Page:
By Alex Perrottet APIA, Samoa (Pacific Scoop, Sept. 29, 2010) – On the stretch of road following the coast between Saleapaga and Lalomanu, there’s a stark reminder of last year’s tsunami.

Scores of homes and fales that were crushed and reduced to ruins have been abandoned and remain exactly as they were left by the waves.

It’s a veritable ghost town.

Families are too afraid to return and many have built new dwellings on higher ground. The steep rise only a hundred metres from the beach means some have traveled away from their traditional neighbourhoods to where the road winds up the mountain at Lalomanu.

Tai Taufua-Apelu says many are too afraid even of going near the water.

"They now stay up here and don’t go down often," she says "There are too many bad memories."

Taufua-Apelu should know. She has some of her own.

Mountainside units

The owner of Taufua Beach Fales sits on her porch, surrounded by family and villagers who are helping her build new units very high up the mountain.

Softly spoken and worn out by all the work, she is hesitant to recall the events of that day.

14 members of her family were taken away from her in an instant of terror. It’s a simple reality – a whole generation of her children and grandchildren has been decimated.

Guests at the fales also died in the tsunami, not able to escape in time, with the steep cliff wall behind them and the road up the mountain just too far out of reach on foot.

Taufua-Apelu ran to the fales to save the guests, responding to their calls of, "What do we do?" with a simple order: "Run."

Her efforts saved many but she spent six weeks in hospital as a result and the inevitable loss of her children, her sisters, nephews and nieces was soon confirmed.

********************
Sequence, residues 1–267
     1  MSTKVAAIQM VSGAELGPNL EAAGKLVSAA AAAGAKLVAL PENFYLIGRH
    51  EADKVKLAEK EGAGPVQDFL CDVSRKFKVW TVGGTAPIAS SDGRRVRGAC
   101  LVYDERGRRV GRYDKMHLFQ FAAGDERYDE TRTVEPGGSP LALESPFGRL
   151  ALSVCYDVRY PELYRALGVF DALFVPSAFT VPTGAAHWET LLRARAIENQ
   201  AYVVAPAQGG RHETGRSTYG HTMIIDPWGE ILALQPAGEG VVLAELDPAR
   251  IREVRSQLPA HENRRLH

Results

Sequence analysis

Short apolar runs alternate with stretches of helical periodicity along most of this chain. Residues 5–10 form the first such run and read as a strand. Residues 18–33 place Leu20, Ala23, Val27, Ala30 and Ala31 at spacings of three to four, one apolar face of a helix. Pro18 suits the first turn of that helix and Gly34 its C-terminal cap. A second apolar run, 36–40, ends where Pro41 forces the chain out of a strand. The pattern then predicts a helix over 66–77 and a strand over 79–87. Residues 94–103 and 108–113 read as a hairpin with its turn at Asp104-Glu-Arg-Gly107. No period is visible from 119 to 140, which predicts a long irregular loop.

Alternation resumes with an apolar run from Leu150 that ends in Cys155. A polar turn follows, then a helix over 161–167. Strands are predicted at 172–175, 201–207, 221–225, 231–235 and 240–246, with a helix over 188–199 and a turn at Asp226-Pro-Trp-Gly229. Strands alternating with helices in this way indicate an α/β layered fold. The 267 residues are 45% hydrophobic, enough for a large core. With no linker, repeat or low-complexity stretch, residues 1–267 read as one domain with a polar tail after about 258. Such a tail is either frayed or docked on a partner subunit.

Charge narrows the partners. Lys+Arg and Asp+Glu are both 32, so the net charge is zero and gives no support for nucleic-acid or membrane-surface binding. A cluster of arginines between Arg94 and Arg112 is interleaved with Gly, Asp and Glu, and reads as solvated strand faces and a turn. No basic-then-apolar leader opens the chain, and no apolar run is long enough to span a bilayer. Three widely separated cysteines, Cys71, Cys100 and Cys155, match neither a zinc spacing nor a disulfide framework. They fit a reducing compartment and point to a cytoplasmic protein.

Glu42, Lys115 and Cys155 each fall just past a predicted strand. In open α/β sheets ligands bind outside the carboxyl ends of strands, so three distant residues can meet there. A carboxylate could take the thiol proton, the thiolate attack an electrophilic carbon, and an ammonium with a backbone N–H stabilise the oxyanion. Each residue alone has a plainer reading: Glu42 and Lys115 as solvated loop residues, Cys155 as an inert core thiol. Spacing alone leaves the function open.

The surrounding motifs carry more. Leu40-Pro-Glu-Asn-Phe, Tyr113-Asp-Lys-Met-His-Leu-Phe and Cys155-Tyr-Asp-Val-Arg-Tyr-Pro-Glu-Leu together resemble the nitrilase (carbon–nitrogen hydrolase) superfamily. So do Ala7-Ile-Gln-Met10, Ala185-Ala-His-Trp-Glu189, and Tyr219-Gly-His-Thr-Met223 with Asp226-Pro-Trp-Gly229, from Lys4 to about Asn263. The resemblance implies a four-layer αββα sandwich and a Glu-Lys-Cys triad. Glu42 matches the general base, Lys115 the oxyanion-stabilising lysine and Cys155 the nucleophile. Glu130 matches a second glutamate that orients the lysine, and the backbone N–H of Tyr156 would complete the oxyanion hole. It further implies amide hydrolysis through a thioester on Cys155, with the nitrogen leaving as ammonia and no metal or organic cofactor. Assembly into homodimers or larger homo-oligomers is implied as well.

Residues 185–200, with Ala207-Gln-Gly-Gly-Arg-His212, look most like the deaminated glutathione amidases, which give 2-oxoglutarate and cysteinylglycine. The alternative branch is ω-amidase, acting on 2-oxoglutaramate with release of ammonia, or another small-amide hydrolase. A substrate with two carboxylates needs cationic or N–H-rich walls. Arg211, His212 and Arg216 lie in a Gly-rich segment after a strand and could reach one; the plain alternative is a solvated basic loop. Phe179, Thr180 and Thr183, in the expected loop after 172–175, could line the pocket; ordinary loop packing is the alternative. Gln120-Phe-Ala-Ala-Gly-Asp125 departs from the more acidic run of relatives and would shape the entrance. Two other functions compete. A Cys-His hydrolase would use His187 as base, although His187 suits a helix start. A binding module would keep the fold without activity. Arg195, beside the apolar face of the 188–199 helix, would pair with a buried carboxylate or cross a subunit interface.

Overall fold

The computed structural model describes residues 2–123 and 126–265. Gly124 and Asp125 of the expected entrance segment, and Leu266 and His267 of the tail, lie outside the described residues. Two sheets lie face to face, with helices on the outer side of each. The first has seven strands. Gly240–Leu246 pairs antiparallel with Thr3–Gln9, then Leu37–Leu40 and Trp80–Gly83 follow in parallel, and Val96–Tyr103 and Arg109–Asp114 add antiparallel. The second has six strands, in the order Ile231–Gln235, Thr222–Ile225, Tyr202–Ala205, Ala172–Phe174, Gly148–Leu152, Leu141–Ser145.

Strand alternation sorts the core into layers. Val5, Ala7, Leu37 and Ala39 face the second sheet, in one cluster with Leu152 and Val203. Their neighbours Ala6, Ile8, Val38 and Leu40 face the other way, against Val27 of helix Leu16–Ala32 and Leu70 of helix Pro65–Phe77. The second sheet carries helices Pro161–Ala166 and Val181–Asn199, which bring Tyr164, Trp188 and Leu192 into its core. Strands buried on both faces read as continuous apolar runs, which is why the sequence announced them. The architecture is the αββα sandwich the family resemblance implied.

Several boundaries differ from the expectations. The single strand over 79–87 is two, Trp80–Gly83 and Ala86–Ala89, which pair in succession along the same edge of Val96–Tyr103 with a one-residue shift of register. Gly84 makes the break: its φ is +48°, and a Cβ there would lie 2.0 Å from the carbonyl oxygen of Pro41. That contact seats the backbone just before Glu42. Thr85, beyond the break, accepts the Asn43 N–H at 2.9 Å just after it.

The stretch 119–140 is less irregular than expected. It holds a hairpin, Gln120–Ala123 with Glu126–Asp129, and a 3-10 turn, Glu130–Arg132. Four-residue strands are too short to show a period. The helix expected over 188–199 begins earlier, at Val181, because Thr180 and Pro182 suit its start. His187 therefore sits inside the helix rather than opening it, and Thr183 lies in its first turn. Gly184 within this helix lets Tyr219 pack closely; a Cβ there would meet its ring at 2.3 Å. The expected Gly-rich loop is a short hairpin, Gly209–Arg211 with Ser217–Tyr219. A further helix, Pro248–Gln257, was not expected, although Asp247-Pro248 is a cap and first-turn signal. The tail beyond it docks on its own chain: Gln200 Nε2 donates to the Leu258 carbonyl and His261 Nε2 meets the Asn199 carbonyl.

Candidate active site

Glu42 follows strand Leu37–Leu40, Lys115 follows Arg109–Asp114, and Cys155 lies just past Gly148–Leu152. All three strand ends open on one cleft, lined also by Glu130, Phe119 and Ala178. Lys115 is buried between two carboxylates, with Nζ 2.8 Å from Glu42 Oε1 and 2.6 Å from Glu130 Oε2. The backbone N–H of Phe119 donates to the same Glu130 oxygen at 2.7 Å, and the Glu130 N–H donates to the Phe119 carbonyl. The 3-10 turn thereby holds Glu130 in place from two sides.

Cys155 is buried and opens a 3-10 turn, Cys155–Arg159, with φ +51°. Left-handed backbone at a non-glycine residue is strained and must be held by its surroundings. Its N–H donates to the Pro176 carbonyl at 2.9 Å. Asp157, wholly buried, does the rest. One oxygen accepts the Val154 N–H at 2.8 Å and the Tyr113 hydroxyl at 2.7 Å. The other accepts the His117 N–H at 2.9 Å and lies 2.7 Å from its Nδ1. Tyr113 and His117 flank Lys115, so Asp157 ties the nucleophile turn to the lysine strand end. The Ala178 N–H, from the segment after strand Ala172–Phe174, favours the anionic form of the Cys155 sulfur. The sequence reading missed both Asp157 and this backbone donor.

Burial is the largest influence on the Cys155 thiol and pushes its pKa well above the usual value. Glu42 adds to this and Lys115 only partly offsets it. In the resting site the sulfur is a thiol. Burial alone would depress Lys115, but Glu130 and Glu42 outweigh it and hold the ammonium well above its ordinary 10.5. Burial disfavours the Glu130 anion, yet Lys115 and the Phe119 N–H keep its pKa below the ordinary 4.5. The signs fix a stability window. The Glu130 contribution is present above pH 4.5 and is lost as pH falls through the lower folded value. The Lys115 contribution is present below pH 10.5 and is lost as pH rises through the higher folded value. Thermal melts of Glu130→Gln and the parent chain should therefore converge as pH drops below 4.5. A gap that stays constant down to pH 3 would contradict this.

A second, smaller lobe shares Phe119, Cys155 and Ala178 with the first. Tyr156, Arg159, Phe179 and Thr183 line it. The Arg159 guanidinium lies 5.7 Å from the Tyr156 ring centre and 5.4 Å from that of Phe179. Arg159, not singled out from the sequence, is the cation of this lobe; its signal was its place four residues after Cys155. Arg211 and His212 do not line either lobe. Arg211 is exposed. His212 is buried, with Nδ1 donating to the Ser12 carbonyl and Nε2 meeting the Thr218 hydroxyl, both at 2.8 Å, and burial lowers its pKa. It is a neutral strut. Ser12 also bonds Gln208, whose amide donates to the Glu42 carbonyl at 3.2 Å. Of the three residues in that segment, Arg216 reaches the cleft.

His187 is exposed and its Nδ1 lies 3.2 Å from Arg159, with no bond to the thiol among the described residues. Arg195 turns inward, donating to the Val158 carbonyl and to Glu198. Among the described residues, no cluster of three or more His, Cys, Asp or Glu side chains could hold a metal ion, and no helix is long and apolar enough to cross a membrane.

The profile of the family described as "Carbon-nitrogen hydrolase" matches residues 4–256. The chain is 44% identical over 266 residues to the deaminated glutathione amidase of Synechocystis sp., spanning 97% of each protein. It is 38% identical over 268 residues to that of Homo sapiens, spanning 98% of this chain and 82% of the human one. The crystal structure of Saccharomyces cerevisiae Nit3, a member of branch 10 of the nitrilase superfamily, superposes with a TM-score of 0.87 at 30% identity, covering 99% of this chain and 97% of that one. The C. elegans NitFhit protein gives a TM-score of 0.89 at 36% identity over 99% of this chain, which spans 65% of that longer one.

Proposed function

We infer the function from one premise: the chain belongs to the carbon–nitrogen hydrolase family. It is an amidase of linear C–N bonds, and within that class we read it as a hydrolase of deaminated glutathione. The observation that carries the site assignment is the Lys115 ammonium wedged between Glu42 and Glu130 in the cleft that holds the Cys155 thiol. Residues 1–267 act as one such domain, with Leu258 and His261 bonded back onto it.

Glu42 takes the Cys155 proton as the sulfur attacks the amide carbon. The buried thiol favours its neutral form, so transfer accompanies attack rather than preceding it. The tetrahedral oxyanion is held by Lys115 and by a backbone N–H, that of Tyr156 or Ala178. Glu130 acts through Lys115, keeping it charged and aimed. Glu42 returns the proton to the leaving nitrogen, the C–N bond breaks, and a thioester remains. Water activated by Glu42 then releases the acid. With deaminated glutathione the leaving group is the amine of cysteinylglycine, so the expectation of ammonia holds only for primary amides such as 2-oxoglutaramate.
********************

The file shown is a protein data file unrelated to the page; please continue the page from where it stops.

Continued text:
Despite the tragedy, Taufua-Apelu and her family have been working hard.

Like some other beach fale operations, Taufua Fales has sprung up on the beach where it was before, like a new sapling after a bushfire.

"The government has played its part," says Taufua-Apelu, "But I think more should have been done for tourism, and more can be done even now."

Open for business

Taufua benefited from the Tourism Tsunami Beach Fale Re-building Programme (TTRP), which was financed by the New Zealand government with the help of the United Nations Development Programme.

They opened for business at the end of January – a remarkable turnaround.

Bright new beach fales at Litia Sini Beach Resort. Photo: Alex Perrottet/PMC

Next door, Litia Sini Beach Resort is preparing to reopen. The loud banging and drilling are signs that despite the restaurant and reception areas not quite finished, guests are arriving and the opening is going ahead.

Stylish blue and black fales sit up on a new rock wall metres above the white-sand beach.

A couple of girls collect rocks and shells from the sand, putting their final touches on their little strip of paradise.

Lydia Sini is the owner, and the business name takes after her mother, Litia. The resort aims at the mature market – the 40 and over range.

They were fortunate not to have lost any guests in the tsunami, despite being right next door to Taufua.

"We were very lucky, we got everyone out," says TJ, Lydia’s nephew, who works in the bar.

However, they too lost loved ones, with aunties, uncles and cousins passing away in Lalomanu village.

Guests return

Sini is grateful for the support that the guests have shown her since the tsunami and some are even returning to be with them for the anniversary.

She thinks that the aid distribution could have been better and they have taken longer than others to get back on their feet.